Bell is now offering free unlocking for second-hand devices

Bell is now offering free smartphone unlocking to anyone who has a locked Bell device — even those who were never customers.

“In order to unlock Bell devices not associated with current or former customers, we recently implemented a system of further checks to validate that the device is not linked to a fraudulent or delinquent account,” a Bell spokesperson told MobileSyrup via email, confirming the change.

The carrier had previously only unlocked Bell devices for current and former customers (including small business customers) with accounts in good standing — but refused to offer free unlocking for second-hand device owners with no associated account.

CBC broke the news of this policy on December 16th, around two weeks after Canada’s telecom regulator, the Canadian Radio-television and Telecommunications Commission (CRTC), enforced an unlocking fee ban as part of the updated Wireless Code.

CBC‘s Sophia Harris spoke to Laura Train-Fraser, who purchased a Bell-locked phone from a third-party to use on a pay-as-you-go account, then let the prepaid plan lapse before attempting to get it unlocked to switch over to Koodo. Train-Fraser said she contacted Bell many times, but was unable to get the device unlocked because the company couldn’t confirm she’d once been a customer.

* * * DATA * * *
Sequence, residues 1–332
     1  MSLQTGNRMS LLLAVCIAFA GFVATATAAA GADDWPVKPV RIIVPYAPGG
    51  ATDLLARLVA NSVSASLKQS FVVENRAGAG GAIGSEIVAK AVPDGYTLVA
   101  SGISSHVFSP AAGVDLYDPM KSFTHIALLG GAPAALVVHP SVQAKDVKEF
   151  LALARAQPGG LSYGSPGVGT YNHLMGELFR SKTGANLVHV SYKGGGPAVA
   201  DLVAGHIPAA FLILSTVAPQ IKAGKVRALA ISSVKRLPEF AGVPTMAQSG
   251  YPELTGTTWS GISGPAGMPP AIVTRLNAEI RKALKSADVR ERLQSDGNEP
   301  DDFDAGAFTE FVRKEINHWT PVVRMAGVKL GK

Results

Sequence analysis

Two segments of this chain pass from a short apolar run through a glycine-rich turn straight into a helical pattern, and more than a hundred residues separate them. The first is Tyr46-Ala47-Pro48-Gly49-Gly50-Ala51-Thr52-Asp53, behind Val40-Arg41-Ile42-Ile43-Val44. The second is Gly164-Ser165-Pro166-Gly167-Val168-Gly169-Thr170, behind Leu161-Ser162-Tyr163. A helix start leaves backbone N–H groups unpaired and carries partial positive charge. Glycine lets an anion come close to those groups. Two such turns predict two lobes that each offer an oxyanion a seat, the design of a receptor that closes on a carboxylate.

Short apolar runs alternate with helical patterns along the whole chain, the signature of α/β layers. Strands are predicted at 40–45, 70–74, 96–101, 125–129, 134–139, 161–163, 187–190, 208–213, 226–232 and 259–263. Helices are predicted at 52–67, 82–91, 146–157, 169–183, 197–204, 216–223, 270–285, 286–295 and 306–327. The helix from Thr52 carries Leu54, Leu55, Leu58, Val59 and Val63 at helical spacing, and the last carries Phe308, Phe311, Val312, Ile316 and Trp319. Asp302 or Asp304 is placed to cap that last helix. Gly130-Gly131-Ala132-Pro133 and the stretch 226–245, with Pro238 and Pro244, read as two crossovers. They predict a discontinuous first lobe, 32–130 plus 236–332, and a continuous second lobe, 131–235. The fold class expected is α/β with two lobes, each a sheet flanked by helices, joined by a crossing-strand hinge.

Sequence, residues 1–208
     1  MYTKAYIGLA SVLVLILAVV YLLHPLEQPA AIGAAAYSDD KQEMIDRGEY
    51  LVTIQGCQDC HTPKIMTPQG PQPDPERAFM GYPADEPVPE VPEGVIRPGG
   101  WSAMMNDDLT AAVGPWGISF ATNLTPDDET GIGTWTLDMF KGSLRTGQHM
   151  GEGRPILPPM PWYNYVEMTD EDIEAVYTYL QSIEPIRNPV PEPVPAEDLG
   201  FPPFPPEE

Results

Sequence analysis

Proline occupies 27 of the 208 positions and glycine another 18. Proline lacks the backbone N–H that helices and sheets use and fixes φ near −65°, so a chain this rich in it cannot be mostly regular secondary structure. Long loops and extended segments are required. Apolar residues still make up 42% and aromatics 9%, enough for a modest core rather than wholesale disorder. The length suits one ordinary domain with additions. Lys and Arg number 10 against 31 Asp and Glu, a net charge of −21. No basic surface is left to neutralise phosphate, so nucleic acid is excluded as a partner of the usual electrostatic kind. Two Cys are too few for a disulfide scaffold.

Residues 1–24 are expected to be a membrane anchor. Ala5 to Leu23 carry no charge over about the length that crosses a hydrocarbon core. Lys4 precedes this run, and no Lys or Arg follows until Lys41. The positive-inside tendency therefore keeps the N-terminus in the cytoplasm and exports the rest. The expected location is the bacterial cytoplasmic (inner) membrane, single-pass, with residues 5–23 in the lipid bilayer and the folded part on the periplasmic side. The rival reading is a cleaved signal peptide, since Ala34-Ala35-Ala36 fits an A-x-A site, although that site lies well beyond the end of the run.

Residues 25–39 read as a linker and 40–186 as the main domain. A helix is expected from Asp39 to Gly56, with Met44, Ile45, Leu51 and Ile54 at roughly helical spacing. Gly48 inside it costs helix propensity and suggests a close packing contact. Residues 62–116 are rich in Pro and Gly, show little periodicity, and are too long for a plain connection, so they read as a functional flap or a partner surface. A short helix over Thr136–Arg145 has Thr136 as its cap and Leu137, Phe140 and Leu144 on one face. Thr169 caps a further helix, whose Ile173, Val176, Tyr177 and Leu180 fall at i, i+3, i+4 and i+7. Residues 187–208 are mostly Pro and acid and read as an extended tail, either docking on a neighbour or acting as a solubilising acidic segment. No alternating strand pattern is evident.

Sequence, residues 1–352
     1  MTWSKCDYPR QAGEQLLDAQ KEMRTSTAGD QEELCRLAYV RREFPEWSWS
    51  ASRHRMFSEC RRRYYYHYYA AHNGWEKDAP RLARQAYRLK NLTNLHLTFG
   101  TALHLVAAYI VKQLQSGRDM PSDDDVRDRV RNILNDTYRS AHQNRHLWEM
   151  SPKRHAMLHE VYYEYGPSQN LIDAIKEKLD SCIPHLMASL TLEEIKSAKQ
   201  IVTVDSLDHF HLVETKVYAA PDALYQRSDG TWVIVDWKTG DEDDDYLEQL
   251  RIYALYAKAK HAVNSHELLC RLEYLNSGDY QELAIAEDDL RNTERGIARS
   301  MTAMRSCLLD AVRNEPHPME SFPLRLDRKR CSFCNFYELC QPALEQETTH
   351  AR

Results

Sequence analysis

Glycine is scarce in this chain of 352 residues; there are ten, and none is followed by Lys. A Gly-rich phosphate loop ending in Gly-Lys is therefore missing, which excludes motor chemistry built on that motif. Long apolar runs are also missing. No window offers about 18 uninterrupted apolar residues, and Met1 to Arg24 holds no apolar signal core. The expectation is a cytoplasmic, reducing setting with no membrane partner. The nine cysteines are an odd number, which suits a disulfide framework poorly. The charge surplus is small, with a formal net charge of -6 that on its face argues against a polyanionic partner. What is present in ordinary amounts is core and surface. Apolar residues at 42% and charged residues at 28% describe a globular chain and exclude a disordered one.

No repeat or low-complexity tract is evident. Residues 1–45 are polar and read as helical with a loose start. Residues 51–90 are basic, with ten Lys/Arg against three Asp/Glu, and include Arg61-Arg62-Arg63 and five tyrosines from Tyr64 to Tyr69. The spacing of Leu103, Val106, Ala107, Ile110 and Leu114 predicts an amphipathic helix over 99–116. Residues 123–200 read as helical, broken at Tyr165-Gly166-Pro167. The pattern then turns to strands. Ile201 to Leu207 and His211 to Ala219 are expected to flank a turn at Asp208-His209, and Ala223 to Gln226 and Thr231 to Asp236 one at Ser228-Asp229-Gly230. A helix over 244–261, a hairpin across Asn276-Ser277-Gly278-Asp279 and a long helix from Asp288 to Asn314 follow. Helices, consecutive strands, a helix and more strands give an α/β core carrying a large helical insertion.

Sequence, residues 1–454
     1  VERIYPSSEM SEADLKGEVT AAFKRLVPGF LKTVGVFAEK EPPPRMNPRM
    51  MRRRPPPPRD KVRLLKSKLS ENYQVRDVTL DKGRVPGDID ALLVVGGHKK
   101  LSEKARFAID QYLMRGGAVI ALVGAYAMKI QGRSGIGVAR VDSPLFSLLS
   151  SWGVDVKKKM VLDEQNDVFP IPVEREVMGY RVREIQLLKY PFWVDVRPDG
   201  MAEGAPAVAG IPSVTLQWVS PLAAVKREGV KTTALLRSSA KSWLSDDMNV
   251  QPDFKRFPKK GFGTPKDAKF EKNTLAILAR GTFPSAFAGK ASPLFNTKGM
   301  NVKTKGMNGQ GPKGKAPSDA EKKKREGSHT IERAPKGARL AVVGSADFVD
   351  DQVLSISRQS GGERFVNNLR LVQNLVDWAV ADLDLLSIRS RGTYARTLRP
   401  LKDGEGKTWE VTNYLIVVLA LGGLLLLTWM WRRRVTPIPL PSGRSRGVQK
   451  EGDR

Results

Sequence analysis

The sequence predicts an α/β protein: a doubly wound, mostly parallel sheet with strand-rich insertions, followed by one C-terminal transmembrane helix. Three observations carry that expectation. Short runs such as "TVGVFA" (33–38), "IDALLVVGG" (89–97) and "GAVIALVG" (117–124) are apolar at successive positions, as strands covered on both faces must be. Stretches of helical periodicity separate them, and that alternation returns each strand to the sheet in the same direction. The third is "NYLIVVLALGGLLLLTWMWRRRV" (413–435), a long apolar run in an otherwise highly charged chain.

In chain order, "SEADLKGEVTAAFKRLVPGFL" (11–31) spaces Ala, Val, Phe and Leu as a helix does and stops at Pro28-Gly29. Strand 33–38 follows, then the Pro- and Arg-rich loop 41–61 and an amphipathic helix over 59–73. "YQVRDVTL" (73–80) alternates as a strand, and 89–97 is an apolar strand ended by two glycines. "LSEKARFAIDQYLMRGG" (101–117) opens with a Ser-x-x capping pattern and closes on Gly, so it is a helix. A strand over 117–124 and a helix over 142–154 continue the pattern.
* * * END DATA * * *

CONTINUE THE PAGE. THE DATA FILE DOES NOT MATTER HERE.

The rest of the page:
Meanwhile, Bell’s main competitors — Telus and Rogers — were unlocking second-hand devices for all consumers, including those who were never customers in the first place.

Now, Bell has fallen in step with its competitors and is unlocking second-hand devices for free.

Before the unlocking fee ban, customers had to pay on average of $50 to unlock a device purchased through their carrier in order to use it on another carrier’s network.

Although Bell is now unlocking all devices from its network without charge, the Public Interest Advocacy Centre (PIAC) is still in the process of petitioning the CRTC to clarify the Wireless Code’s section on unlocking, in order to unambiguously state that carriers must unlock all devices, regardless of whether the current owner is or ever was a subscriber.

It should also be noted that the Wireless Code does not apply to corporate accounts, thus the unlocking fee ban also does not apply for corporate customers with any carrier.

Update 05/02/18: Updated to reflect that the Wireless Code does not apply to corporate accounts.

Source: CBC